The social standards that led to the Straw Hat Riot seventeen years thence apparently did not exist in 1905. No need for "earlaps" (if they are what I think they are) when your boater is not going to survive past September 15. Hopefully, the attachments were connected by a nice, warm felt or knit beanie to do the job properly.

Or you could invest in a Stormy Kromer for winter wear. They've been around since 1903, but were/are likely far too stylish for the average New Yorker.

Hofbrau Star

I am captivated by the Hofbrau Haus building with its prominent Star of David on the facade. Would love to know more.

Great Winter Photo!

Makes me want to wear a straw hat as I take a stroll through a pile of cold, wet, snow. The man, on the right, driving the horse drawn "cab" is looking at the photographer as he wears a black top hat.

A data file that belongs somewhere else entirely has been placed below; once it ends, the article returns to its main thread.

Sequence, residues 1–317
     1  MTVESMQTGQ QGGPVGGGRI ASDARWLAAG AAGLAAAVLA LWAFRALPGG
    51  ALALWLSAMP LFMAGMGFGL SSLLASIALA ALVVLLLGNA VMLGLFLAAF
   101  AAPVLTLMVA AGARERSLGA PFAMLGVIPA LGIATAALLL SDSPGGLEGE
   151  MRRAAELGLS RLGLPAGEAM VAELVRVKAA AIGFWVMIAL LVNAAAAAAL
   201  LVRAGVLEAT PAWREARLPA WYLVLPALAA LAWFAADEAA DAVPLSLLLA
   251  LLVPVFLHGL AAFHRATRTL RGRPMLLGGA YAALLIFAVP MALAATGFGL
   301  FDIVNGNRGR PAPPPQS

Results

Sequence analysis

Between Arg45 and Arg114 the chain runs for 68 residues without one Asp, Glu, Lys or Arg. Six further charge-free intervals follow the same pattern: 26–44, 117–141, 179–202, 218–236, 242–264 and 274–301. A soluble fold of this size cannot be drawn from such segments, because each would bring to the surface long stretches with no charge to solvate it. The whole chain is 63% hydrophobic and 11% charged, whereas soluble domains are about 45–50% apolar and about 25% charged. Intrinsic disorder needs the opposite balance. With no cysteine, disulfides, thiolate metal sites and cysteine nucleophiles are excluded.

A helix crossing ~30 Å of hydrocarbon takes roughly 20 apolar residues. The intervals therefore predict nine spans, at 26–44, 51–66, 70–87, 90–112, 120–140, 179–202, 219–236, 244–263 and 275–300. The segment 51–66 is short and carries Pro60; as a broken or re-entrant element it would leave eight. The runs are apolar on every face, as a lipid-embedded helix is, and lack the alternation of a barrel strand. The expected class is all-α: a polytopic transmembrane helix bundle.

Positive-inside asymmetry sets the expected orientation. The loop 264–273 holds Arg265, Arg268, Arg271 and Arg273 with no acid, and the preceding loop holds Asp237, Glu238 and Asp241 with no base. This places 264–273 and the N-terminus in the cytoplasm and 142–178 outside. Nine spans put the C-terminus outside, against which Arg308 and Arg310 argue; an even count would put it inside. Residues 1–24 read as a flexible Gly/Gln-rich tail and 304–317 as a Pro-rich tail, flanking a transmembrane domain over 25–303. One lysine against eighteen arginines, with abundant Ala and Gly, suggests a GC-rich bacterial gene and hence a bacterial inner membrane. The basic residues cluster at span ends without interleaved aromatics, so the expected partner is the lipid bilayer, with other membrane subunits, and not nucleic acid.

Thanks for posting this neat photograph!

On Broadway steht ein Hofbräuhaus

Eins, zwei, g'suffa!

Sarnoff sign

Why would you photo-shop the Sarnoff sign in the picture?

[Seriously? - Dave]

Blow the picture up, and look at the focus compared to the rest of the picture, look at the edges of the sign. I'm not saying you photo shopped it, but somebody did.

[Um, no. Click the link below. - Dave]

Well, the evidence certainly supports you. Maybe the current state of the world just makes me overly suspicious ...

A Sign Planted in a Heap of Irony

"Earlaps" on a straw boater -- now that's something I'd like to see.

Or reading the marquee at Wallack's Theater

The man at far left is walking on an icy sidewalk while craning his head around to look behind him. My guess is he is admiring the receding woman in the heavy coat.

This is Broadway between 29th and 30th Streets, looking north. Brickwork detail on the three-story building, painted white at right confirms this is the Maurice Rogaliner building in the 1905 photograph. Most everything else has changed. Everything on the immediate left is definitely gone; a glass and steel skyscraper is going up in its place.

Sol Young Photography